CHA-CHING $185K per tld, that;s 10 million just for basic coke products…. can you smell the dollars on this one?
What do the ISPs and Telephone Companies REALLY want?
Diller, Brill, and Murdoch seem be stating a simple fact–we will have to pay them–but this fact is not in fact a fact. Instead, it is a choice, one its proponents often decline to spell out in full, because, spelled out in full, it would read something like this:
“Web users will have to pay for what they watch and use, or else we will have to stop making content in the costly and complex way we have grown accustomed to making it. And we don’t know how to do that…”
“IT is at the heart of business these days and there are real opportunities now to have a career in IT which will ultimately lead to a position on the board.”
If this is the case, why are so many IT jobs filled with people who have no idea what they are doing? I spoke to my share of IT reps from firms all over the Fortune 1000 and Fortune 50 that had no clue what they were doing, nor did they have any idea where they were going with their mandates. Often they had no plan or action plan.
One example really sticks out for me; a hardware changeover plan that had no “buffer” the IT rep wanted to replace an important firewall with another one. He felt assured that he could just replace the current device with a new and wholly different one if the new devide was configured correctly.
This was a bad plan for two reasons:
1) There was no fallback beyond dropping the old hardware in place.
2) The router was the MAIN ingress to their websites and mail systems. There were no external fallbacks or alternate sites for users to visit during the downtime. If the transition went BAD (new hardware fails and old device breaks during transition) there was no fallback.
I know, you’re thinking: Kevin, what would you have done?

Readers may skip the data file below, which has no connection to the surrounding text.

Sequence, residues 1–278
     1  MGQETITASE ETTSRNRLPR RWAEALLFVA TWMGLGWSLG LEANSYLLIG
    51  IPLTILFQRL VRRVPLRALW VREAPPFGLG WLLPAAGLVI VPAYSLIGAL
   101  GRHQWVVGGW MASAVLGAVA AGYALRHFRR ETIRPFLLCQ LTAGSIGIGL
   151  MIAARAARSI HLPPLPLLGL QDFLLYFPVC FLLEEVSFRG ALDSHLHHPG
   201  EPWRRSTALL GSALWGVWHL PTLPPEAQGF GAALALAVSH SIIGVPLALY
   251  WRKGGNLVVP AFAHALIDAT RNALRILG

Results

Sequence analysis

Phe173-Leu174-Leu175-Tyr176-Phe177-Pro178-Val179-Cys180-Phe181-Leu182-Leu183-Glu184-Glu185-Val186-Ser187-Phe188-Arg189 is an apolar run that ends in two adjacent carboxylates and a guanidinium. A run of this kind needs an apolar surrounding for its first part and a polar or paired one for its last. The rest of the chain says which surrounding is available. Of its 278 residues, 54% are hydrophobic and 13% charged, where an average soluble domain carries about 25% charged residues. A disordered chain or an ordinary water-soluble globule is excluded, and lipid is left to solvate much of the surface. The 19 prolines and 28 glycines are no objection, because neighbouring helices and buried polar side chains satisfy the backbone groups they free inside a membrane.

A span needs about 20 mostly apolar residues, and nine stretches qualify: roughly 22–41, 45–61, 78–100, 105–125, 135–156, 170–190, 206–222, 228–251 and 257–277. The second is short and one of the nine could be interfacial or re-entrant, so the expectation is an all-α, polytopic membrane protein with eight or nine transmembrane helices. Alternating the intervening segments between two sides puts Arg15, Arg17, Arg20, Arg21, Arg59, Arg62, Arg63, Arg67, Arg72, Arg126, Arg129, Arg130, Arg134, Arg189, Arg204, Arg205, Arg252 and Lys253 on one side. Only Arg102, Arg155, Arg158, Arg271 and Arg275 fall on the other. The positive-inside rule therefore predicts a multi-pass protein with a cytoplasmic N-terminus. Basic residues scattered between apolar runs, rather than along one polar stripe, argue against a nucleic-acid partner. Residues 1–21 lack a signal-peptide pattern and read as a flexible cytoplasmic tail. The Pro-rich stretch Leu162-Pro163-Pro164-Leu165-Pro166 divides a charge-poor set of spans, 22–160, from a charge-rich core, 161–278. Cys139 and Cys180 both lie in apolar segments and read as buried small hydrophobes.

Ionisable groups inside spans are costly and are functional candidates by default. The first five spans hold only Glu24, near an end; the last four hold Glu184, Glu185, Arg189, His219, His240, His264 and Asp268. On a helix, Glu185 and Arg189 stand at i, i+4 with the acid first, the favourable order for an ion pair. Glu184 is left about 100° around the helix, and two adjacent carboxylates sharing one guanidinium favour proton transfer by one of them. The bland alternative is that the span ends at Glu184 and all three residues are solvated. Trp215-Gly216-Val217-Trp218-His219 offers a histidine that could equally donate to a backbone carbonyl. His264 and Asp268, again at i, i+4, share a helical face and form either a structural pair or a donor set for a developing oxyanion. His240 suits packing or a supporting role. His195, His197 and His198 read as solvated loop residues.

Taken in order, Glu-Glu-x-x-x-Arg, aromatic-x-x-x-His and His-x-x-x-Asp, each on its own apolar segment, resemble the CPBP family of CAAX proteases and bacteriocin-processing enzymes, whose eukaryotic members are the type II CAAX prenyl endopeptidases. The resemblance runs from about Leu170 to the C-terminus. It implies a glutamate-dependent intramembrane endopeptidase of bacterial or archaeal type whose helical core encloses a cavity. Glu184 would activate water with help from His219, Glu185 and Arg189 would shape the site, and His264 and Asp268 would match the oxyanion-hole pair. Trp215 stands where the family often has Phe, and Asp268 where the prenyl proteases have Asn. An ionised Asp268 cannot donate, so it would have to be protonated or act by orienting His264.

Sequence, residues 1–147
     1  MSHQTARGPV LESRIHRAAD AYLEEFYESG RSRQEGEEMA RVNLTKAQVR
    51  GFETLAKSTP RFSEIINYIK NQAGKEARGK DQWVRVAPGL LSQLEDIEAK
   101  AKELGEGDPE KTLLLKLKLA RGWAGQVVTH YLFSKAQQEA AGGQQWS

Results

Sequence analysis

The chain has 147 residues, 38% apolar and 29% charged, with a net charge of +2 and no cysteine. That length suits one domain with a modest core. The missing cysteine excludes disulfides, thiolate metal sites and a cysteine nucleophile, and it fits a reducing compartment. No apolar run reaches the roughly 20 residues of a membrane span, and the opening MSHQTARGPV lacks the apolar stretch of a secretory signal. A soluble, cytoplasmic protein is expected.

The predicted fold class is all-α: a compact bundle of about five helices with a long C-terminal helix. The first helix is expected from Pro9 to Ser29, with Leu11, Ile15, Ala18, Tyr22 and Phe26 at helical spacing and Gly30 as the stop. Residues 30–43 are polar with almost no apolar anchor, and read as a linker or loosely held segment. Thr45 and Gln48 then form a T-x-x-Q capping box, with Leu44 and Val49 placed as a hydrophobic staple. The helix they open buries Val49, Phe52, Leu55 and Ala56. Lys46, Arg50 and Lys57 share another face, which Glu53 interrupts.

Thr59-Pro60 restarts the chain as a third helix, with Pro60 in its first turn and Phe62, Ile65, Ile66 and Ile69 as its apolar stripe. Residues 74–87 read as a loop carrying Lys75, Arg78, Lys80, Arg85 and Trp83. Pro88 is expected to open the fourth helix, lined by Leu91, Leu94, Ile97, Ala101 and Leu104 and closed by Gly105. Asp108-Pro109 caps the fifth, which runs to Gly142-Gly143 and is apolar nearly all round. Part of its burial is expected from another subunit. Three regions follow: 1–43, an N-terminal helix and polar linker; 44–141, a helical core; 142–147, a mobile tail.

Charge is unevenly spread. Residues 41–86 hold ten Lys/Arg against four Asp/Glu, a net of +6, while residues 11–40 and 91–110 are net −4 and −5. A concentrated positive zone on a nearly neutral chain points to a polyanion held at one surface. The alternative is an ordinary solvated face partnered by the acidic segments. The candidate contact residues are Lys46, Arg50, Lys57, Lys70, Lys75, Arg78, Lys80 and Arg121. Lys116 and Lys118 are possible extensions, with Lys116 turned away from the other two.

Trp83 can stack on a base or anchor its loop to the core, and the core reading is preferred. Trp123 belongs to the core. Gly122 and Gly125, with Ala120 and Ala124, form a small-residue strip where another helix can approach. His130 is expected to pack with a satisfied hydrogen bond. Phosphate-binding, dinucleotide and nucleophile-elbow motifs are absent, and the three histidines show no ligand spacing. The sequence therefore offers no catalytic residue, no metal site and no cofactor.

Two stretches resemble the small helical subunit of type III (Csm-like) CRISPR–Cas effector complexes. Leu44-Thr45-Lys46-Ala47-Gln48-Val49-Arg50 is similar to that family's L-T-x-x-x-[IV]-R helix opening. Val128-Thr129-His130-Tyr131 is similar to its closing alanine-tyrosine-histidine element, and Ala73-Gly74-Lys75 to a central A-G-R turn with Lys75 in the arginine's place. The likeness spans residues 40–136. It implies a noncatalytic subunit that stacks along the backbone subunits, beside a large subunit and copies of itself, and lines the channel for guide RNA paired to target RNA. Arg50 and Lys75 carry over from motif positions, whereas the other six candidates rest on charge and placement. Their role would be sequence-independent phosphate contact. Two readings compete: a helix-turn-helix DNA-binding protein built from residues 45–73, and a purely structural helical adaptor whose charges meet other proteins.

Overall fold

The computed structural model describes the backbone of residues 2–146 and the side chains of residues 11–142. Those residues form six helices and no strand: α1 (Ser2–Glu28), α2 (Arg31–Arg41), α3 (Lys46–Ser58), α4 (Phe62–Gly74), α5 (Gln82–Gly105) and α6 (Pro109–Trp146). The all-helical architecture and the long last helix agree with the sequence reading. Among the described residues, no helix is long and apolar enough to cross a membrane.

I would have published a new set of DNS records with a TTL of about 15 minutes. I would publish them a week before I made the transition and made sure my DNS server was not inside the new router. Once in place you would have 15 minutes of downtime while you performed the transiton to a new host for your website if something went wrong during the switch. That’s fairly easy to deal with.
I like the idea of planning for downtime like that; you could even change the TTL on the DNS records back to 24 hours when you are done.
Here are some tips for outage planning
- Have a fallback plan for total failure:
If it is an internet enabled service that users need access to, publish DNS records that point to a “Server is down” page on the net (for web services) when the primary record(s) is/are down.
Keep offsite hard copies (by hard copies I mean stored on Hard disk or Tape)
Keep enough cash in the IT budget to buy server time on multiple hosts should short-term downtime become extended overtime.
Any server that is important enough to serve all your needs should have a clone on hand with all the same data, backed up every 6 to 12 hours (or less) so that if your primary server(s) go down a clone can go online in seconds.
- Announce the outage in as many ways possible. Email is never enough for big outages. Warn users in cloud writing if you think they will read it.
- When the outage is going to take a machine out of service forever, contact any old admins and/or users and determine if they have stored anything important on the box. You never know.
- Treat every outage as a potential crisis and be ready for complaints regardless of success or shortness of time.
- Confirm that all parts and plans are in order before the outage in underway, if at all possible create a schedule and checklist for the outage that creates a series of milestones and ETAs that can be delivered to end users and managers.
After all, you are the heart of the business when you are in IT, right?